TitleUnpaid Caregiving Roles and Sleep Among Women Working in Nursing Homes: A Longitudinal Study.
Publication TypeJournal Article
Year of Publication2019
AuthorsDePasquale, N, Sliwinski, MJ, Zarit, SH, Buxton, OM, Almeida, DM
Date Published2019 May 17
KeywordsAdult, Caregivers, Female, Health Personnel, Humans, Interviews as Topic, Longitudinal Studies, Nursing Homes, Sleep Deprivation

<p><b>BACKGROUND AND OBJECTIVES: </b>Although sleep is a critical health outcome providing insight into overall health, well-being, and role functioning, little is known about the sleep consequences of simultaneously occupying paid and unpaid caregiving roles. This study investigated the frequency with which women employed in U.S.-based nursing homes entered and exited unpaid caregiving roles for children (double-duty-child caregivers), adults (double-duty-elder caregivers), or both (triple-duty caregivers), as well as examined how combinations of and changes in these caregiving roles related to cross-sectional and longitudinal sleep patterns.</p><p><b>RESEARCH DESIGN AND METHODS: </b>The sample comprised 1,135 women long-term care employees who participated in the baseline wave of the Work, Family, and Health Study and were assessed at three follow-up time points (6-, 12-, and 18-months). Sleep was assessed with items primarily adapted from the Pittsburgh Sleep Quality Index and wrist actigraphic recordings. Multilevel models with data nested within persons were applied.</p><p><b>RESULTS: </b>Women long-term care employees entered and exited the unpaid elder caregiving role most frequently. At baseline, double-duty-child and triple-duty caregivers reported shorter sleep quantity and poorer sleep quality than their counterparts without unpaid caregiving roles, or workplace-only caregivers. Double-duty-elder caregivers also reported shorter sleep duration compared to workplace-only caregivers. Over time, double-duty-elder caregiving role entry was associated with negative changes in subjective sleep quantity and quality.</p><p><b>DISCUSSION AND IMPLICATIONS: </b>Simultaneously occupying paid and unpaid caregiving roles has negative implications for subjective sleep characteristics. These results call for further research to advance understanding of double-and-triple-duty caregivers' sleep health and facilitate targeted intervention development.</p>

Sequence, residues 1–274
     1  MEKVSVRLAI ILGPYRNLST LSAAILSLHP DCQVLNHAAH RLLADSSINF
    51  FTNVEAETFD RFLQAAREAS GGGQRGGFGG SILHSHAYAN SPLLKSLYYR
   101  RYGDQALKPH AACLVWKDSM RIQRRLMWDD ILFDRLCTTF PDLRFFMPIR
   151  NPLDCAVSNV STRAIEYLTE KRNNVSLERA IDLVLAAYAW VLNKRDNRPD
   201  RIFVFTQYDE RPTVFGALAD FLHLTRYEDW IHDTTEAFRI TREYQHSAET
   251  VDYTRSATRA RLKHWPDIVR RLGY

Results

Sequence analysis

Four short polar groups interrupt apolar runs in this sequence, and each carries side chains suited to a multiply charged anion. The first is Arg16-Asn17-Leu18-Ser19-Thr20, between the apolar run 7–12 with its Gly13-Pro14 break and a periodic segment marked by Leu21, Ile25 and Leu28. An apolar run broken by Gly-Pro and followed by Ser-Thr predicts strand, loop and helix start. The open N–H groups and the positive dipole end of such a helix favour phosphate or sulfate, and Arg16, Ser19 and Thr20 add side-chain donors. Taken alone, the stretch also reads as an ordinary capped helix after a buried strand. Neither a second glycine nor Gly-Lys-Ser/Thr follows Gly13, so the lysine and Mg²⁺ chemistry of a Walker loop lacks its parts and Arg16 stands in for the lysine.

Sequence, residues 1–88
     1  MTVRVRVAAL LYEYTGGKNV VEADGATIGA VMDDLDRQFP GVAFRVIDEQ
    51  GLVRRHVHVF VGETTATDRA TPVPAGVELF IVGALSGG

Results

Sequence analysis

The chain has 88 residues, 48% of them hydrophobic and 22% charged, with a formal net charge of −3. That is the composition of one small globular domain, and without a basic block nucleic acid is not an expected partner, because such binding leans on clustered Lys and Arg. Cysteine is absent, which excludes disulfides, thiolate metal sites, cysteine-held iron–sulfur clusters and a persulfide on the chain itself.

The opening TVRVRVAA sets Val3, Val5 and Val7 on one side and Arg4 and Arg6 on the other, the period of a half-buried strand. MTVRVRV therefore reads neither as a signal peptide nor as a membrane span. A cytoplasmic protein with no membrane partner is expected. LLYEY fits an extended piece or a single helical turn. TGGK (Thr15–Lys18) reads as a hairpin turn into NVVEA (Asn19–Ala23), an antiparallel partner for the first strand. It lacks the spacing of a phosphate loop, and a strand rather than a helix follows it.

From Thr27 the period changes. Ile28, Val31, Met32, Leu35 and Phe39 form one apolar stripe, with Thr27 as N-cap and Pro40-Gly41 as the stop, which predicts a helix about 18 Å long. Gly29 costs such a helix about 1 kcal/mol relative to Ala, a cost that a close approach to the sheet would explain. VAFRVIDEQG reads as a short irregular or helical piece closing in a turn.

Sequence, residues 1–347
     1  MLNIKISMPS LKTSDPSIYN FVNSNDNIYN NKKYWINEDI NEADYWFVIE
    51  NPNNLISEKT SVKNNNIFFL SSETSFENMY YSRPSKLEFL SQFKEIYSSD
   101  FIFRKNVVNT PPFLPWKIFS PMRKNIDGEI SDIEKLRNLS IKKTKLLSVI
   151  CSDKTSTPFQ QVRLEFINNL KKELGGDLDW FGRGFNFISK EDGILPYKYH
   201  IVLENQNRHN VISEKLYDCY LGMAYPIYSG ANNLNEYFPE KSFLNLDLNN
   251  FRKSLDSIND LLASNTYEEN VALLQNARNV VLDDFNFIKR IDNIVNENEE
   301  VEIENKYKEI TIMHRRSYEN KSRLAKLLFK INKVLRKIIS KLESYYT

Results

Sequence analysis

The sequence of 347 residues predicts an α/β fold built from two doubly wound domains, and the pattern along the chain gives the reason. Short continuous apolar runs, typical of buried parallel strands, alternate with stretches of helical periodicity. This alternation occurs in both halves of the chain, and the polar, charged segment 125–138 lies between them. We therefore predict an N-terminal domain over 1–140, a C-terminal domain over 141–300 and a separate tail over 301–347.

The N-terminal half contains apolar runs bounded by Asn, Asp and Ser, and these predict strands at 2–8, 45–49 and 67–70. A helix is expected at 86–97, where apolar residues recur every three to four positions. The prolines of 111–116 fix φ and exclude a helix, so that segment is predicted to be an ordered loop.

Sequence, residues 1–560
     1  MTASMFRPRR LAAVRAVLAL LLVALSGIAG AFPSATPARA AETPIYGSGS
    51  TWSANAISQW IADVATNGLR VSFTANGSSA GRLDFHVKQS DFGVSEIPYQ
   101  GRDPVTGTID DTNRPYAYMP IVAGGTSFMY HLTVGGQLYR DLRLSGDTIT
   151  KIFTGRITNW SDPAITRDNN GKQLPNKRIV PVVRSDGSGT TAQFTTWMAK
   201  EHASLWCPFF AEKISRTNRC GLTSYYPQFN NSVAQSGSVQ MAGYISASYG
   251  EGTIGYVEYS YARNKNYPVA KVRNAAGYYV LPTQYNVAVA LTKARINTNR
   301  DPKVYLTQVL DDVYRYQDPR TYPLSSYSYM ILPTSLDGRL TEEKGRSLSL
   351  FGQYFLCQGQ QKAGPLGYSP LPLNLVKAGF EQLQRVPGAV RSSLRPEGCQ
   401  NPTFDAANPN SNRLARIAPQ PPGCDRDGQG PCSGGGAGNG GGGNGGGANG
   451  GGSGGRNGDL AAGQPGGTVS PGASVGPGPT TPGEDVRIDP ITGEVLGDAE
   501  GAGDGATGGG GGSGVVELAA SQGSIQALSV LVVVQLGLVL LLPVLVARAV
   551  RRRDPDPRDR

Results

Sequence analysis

Alternate JournalGerontologist
PubMed ID29360993
PubMed Central IDPMC6524484
Grant ListU01 HD051217 / HD / NICHD NIH HHS / United States
U01 HD051256 / HD / NICHD NIH HHS / United States
U01 OH008788 / OH / NIOSH CDC HHS / United States
U01 AG027669 / AG / NIA NIH HHS / United States
U01 HD059773 / HD / NICHD NIH HHS / United States
U01 HD051276 / HD / NICHD NIH HHS / United States
U01 HD051218 / HD / NICHD NIH HHS / United States
F31 AG050385 / AG / NIA NIH HHS / United States